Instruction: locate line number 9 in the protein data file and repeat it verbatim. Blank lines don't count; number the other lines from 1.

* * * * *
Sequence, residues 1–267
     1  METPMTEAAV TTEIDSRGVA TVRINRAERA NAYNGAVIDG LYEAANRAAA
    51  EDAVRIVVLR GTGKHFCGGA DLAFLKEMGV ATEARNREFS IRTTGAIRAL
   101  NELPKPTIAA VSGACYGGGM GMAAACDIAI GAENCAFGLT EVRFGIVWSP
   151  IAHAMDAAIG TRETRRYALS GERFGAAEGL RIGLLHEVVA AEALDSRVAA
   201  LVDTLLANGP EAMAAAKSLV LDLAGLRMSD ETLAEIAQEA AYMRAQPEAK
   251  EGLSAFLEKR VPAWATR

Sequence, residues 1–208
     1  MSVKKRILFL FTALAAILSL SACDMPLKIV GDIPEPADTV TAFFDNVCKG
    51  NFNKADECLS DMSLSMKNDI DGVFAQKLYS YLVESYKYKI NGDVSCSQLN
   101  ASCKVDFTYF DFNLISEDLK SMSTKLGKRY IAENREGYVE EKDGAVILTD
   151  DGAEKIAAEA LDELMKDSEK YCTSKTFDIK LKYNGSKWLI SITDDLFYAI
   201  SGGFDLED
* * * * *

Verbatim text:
     1  MSVKKRILFL FTALAAILSL SACDMPLKIV GDIPEPADTV TAFFDNVCKG